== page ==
Master kebab griller at work.

The guy selling watermelon had a way more high-tech cell phone than I did.

After dinner, we had some delicious watermelon for .5kuai a slice - you can always find people selling slices of watermelon and hamigua(similar to canteloupe) around eating places. To top it all off, we paid a visit to the yogurt guy, who even has his own health certificate!

We strolled around a bit more, enjoying the Turpan nightlife and taking the pictures below. The city certainly seemed a lot more lively at night than during the hot afternoon when I'd been walking around.

Hand over the grapes! The poster is typical propaganda used in unsold advertisement space and says something like "Together, we'll write a new page, create a harmonious Turpan!"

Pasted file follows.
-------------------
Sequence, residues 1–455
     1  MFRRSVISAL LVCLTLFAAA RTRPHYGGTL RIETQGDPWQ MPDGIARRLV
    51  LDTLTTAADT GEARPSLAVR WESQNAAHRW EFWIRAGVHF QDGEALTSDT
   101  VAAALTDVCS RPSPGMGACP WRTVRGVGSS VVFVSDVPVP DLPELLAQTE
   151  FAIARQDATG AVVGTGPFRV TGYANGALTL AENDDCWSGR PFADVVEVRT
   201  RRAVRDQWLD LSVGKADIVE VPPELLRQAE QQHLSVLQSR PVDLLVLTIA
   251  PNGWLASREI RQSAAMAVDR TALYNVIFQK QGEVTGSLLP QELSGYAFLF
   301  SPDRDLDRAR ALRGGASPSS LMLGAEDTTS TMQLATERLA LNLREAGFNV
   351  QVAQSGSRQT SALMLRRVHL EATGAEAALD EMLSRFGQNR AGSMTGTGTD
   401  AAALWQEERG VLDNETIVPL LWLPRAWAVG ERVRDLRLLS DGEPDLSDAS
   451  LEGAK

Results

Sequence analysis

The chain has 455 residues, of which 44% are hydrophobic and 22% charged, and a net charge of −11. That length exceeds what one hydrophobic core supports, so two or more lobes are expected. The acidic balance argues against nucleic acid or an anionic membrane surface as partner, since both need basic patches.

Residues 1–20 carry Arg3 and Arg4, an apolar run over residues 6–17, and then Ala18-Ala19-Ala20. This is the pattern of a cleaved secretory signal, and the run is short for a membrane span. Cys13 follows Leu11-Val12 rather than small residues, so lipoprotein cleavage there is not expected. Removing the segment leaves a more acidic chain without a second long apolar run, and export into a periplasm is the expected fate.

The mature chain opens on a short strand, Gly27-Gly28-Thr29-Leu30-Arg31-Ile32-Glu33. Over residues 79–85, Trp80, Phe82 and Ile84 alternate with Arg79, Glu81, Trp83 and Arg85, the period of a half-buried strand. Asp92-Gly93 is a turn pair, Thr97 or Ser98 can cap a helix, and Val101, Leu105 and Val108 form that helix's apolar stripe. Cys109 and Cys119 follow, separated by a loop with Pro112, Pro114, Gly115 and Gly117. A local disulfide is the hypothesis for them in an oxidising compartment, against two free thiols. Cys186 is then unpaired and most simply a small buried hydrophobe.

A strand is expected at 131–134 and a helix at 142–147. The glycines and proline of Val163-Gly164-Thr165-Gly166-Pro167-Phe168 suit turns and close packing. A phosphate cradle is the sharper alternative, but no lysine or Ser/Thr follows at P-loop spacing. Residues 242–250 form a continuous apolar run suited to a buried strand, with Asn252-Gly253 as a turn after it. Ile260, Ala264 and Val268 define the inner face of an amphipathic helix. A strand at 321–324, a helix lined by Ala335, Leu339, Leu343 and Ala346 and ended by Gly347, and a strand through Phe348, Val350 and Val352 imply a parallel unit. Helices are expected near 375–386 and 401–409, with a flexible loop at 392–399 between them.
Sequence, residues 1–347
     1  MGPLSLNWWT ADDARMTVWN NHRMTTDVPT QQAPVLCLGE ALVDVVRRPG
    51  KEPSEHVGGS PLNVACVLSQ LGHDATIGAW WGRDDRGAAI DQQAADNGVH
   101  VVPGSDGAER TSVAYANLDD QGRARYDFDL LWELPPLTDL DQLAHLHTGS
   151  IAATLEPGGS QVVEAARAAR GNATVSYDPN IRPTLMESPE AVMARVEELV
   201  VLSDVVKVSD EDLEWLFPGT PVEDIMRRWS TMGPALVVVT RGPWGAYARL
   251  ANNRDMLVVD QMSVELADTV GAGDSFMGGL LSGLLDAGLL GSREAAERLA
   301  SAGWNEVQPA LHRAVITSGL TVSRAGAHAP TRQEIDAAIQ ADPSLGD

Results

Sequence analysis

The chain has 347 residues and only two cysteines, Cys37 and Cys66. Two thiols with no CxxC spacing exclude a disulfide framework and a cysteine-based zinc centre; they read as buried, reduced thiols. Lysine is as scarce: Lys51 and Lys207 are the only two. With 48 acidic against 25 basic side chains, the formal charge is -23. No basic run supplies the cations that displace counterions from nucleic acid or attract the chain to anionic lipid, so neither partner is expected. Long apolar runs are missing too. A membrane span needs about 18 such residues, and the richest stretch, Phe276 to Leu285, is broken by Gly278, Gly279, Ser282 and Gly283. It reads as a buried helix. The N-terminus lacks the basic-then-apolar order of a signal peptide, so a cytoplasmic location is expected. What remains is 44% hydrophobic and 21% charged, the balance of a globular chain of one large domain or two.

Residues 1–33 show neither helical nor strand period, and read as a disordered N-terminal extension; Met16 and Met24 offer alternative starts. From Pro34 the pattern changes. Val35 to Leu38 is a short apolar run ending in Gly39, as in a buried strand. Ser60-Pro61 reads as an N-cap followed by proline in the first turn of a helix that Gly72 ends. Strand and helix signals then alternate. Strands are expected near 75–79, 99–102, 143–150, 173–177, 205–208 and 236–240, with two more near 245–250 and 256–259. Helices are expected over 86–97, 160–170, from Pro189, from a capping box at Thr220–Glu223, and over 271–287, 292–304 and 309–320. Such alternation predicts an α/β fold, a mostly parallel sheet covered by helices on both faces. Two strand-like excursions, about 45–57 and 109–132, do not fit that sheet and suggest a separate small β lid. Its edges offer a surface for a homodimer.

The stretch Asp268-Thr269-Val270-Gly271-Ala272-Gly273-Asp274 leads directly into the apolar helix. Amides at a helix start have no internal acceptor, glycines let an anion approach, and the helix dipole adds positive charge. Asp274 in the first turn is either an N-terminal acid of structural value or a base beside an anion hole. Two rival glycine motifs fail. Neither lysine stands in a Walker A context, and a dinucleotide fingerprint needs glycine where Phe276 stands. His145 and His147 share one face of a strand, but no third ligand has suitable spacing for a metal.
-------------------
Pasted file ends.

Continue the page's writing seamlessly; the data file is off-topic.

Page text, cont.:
Have fun at the public arcade and play the AK-47 shooting range game!(not pictured)

In the next post - we head to Urumqi, the most landlocked metropolis in the world.

You can add me as a regular reader. I am CJ from the Philippines. :)


Nice to hear from you, CJ. How did you come across my blog? You wouldn't be related to Mr. Kaime, would you?


Hi! :)

I am not related to Mr. Kaime. I am planning to visit China next year and I was searching for info and that's the time I came across to your Blog. :) I love to read about your adventures, so I added your Blog to my Favorites list. :)

so are you still in China? Don't you have plans to visit Harbin? :)



Wow, great to know I have a few readers who found me through the net :D Where are you going in China? You can e-mail me if you have any questions, the address is (myname)

I'm not in China anymore, alas. How did you know I once had plans to visit Harbin? It was second on my list after Xi'an, I thought I might go to Russia.